23. 23. Regulation of Pyrimidine BiosynthesisRegulation of Pyrimidine Biosynthesis The regulation of pyrimidine synthesis occurs mainly at the first stepThe regulation of pyrimidine synthesis occurs mainly at the first step which is catalyzed by aspartate transcarbamoylase, ATCase. Inhibitedwhich is catalyzed by aspartate transcarbamoylase, ATCase. Inhibited by CTP and activated by ATP.by CTP and activated by ATP. ATCase, and therefore the activity of CPS-II, is localized to theATCase, and therefore the activity of CPS-II, is localized to the cytoplasm and prefers glutamine as a substrate.cytoplasm and prefers glutamine as a substrate. The CPS-II is activated by ATP and inhibited by UDP, UTP, dUTP, andThe CPS-II is activated by ATP and inhibited by UDP, UTP, dUTP, and CTP.CTP. As in the regulation of purine synthesis, ATP levels regulate pyrimidineAs in the regulation of purine synthesis, ATP levels regulate pyrimidine biosynthesis at the level of PRPP formation. An increase in the level ofbiosynthesis at the level of PRPP formation. An increase in the level of PRPP results in an activation of pyrimidine synthesis.PRPP results in an activation of pyrimidine synthesis. There is also regulation of OMP decarboxylase: this enzyme isThere is also regulation of OMP decarboxylase: this enzyme is competitively inhibited by UMP and, to a lesser degree, by CMP.competitively inhibited by UMP and, to a lesser degree, by CMP. Finally, CTP synthase is feedback-inhibited by CTP and activated byFinally, CTP synthase is feedback-inhibited by CTP and activated by GTP.GTP.
  24. 24. Catabolism and Salvage of Pyrimidine NucleotidesCatabolism and Salvage of Pyrimidine Nucleotides Catabolism of the pyrimidine nucleotides leads ultimately to Beta-alanine (when CMP andCatabolism of the pyrimidine nucleotides leads ultimately to Beta-alanine (when CMP and UMP are degraded) or beta-aminoisobutyrate (when dTMP is degraded) ; NH3 and CO2UMP are degraded) or beta-aminoisobutyrate (when dTMP is degraded) ; NH3 and CO2 The salvage of pyrimidine bases has less clinical significance than that of the purines,The salvage of pyrimidine bases has less clinical significance than that of the purines, owing to the solubility of the by-products of pyrimidine catabolism. However, theowing to the solubility of the by-products of pyrimidine catabolism. However, the salvage pathway to thymidine nucleotide synthesis is especially important in thesalvage pathway to thymidine nucleotide synthesis is especially important in the preparation for cell division. Uracil can be salvaged to form UMP through the concertedpreparation for cell division. Uracil can be salvaged to form UMP through the concerted action of uridine phosphorylase and uridine kinase:action of uridine phosphorylase and uridine kinase: uracil + ribose-1-phosphate <---------> uridine + Piuracil + ribose-1-phosphate <---------> uridine + Pi uridine + ATP ----------> UMP + ADPuridine + ATP ----------> UMP + ADP Deoxyuridine is also a substrate for uridine phosphorylase. Formation of dTMP, byDeoxyuridine is also a substrate for uridine phosphorylase. Formation of dTMP, by salvage of dTMP requires thymine phosphorylase and the previously encounteredsalvage of dTMP requires thymine phosphorylase and the previously encountered thymidine kinase:thymidine kinase: thymine + deoxyribose-1-phosphate <---------> thymidine + Pithymine + deoxyribose-1-phosphate <---------> thymidine + Pi thymidine + ATP ---------> dTMP + ADPthymidine + ATP ---------> dTMP + ADP The salvage of deoxycytidine is catalyzed by deoxycytidine kinaseThe salvage of deoxycytidine is catalyzed by deoxycytidine kinase deoxycytidine + ATP <--------> dCMP + ADPdeoxycytidine + ATP <--------> dCMP + ADP The major function of the pyrimidine nucleoside kinases is to maintain a cellular balanceThe major function of the pyrimidine nucleoside kinases is to maintain a cellular balance between the level of pyrimidine nucleosides and pyrimidine nucleosidebetween the level of pyrimidine nucleosides and pyrimidine nucleoside monophosphates. However, since the overall cellular and plasma concentrations of themonophosphates. However, since the overall cellular and plasma concentrations of the pyrimidine nucleosides, as well as those of ribose-1-phosphate, are low, the salvage ofpyrimidine nucleosides, as well as those of ribose-1-phosphate, are low, the salvage of pyrimidines by these kinases is relatively inefficient.pyrimidines by these kinases is relatively inefficient.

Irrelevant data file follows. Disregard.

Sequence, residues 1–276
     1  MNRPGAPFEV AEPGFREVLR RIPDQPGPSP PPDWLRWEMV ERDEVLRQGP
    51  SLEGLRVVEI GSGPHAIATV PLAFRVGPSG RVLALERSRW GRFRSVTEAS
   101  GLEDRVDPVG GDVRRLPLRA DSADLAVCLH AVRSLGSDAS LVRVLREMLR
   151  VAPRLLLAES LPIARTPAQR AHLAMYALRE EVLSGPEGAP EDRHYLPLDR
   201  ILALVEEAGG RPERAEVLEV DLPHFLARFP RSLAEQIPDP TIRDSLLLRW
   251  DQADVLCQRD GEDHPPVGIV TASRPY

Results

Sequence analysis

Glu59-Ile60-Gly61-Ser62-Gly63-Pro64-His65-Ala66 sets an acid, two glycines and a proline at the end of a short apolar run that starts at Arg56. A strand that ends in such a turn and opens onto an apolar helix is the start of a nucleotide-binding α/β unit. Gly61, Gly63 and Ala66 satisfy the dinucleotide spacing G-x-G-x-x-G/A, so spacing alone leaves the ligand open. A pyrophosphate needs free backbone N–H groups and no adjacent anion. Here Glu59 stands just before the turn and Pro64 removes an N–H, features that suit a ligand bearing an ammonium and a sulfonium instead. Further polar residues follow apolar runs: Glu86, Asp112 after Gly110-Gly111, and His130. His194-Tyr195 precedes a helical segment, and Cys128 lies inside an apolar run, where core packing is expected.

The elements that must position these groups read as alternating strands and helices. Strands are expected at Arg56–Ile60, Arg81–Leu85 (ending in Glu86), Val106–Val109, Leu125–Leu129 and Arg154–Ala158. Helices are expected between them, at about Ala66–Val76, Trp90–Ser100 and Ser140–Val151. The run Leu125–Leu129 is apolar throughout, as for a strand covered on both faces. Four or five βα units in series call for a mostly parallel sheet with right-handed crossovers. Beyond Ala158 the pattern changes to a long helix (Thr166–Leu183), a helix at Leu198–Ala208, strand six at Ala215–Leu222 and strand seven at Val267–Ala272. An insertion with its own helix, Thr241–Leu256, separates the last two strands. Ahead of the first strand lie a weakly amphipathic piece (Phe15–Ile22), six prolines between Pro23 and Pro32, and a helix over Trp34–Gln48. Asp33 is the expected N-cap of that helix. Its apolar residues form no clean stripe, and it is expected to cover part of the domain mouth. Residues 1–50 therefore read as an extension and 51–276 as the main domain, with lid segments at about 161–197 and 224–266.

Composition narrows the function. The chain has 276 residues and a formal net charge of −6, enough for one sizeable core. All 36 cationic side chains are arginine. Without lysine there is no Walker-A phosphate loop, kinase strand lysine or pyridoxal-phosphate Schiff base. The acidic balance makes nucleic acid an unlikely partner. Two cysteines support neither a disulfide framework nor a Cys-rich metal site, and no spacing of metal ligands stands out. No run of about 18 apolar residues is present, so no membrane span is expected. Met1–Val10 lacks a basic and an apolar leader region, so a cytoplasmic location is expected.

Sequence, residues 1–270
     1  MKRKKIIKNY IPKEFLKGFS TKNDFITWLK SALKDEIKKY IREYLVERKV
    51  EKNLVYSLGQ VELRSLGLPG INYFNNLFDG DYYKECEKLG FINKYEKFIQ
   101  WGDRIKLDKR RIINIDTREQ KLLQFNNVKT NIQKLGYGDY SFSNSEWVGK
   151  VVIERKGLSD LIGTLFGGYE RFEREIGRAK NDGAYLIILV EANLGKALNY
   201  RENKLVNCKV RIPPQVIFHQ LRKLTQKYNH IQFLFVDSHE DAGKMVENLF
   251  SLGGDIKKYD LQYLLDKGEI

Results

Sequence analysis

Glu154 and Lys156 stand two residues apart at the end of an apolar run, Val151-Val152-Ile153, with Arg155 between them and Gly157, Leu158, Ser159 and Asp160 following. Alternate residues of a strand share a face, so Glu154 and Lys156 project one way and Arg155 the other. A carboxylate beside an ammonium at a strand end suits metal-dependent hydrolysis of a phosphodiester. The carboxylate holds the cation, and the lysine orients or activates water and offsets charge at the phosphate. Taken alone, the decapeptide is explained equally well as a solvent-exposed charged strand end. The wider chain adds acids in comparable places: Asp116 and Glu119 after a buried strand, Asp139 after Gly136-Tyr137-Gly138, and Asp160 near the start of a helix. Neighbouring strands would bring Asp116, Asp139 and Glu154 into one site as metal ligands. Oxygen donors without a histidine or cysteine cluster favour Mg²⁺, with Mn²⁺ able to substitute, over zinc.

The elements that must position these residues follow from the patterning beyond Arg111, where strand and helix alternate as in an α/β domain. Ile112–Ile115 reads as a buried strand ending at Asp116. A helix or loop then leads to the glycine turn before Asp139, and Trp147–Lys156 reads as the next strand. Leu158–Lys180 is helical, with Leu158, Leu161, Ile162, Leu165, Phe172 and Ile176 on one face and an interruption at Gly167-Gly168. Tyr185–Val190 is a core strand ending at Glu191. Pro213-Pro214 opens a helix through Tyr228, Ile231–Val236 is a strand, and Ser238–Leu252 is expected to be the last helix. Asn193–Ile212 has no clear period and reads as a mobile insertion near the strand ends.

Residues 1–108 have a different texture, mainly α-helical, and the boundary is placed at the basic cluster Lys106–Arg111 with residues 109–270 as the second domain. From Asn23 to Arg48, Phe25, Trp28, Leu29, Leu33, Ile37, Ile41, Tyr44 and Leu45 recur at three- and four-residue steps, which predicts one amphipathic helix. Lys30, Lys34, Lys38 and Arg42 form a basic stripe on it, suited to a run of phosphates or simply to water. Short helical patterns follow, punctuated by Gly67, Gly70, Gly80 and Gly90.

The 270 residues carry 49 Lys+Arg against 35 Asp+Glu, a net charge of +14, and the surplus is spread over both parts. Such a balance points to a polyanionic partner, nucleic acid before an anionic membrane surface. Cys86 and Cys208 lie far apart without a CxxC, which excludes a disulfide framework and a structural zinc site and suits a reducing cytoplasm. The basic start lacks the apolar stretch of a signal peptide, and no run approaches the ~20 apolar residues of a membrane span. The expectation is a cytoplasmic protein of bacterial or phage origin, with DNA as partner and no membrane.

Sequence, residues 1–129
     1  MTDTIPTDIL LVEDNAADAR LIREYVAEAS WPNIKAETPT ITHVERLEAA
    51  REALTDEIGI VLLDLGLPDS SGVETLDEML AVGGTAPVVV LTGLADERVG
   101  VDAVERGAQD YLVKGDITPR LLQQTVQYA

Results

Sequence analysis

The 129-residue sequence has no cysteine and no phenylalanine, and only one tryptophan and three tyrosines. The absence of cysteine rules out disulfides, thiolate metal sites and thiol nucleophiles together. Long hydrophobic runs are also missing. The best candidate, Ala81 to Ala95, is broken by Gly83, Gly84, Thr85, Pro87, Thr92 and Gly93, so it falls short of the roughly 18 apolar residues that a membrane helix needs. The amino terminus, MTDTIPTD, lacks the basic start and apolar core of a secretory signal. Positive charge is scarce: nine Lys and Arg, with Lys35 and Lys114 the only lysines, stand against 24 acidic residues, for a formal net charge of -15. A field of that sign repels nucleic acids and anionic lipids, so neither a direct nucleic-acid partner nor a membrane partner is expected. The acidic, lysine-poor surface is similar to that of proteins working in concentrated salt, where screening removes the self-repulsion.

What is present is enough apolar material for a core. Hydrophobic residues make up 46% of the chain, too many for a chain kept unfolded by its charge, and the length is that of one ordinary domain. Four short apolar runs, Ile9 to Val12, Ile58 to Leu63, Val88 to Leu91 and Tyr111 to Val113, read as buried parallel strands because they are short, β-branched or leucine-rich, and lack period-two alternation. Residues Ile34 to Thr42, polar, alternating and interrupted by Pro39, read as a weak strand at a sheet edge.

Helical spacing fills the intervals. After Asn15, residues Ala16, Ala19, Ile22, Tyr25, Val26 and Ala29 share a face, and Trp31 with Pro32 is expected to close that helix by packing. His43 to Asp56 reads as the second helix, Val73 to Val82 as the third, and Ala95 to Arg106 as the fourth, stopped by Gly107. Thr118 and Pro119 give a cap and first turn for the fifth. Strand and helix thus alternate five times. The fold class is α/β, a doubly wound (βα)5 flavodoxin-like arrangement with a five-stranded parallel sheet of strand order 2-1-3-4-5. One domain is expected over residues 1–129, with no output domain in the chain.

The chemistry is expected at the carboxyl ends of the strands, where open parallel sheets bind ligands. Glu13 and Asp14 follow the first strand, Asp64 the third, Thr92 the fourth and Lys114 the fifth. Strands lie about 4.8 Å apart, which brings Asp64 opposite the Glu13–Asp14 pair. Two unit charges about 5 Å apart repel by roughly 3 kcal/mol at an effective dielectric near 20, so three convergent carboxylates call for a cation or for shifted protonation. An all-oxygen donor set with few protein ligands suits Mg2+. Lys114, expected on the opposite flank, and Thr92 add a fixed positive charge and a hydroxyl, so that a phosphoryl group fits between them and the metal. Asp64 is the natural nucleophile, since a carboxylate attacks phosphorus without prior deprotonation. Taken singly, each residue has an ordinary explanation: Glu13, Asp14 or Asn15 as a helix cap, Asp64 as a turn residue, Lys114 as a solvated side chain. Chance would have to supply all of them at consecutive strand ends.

25. 25. Clinical Significances of Pyrimidine MetabolismClinical Significances of Pyrimidine Metabolism Because the products of pyrimidine catabolism are soluble, fewBecause the products of pyrimidine catabolism are soluble, few disorders result from excess levels of their synthesis or catabolism.disorders result from excess levels of their synthesis or catabolism. Two inherited disorders affecting pyrimidine biosynthesis are theTwo inherited disorders affecting pyrimidine biosynthesis are the result of deficiencies in the bifunctional enzyme catalyzing the last tworesult of deficiencies in the bifunctional enzyme catalyzing the last two steps of UMP synthesis, orotate phosphoribosyl transferase and OMPsteps of UMP synthesis, orotate phosphoribosyl transferase and OMP decarboxylase. These deficiencies result in orotic aciduria that causesdecarboxylase. These deficiencies result in orotic aciduria that causes retarded growth, and severe anemia . Leukopenia is also common inretarded growth, and severe anemia . Leukopenia is also common in orotic acidurias. The disorders can be treated with uridine and/ororotic acidurias. The disorders can be treated with uridine and/or cytidine, which leads to increased UMP production via the action ofcytidine, which leads to increased UMP production via the action of nucleoside kinases. The UMP then inhibits CPS-II, thus attenuatingnucleoside kinases. The UMP then inhibits CPS-II, thus attenuating orotic acid production .orotic acid production .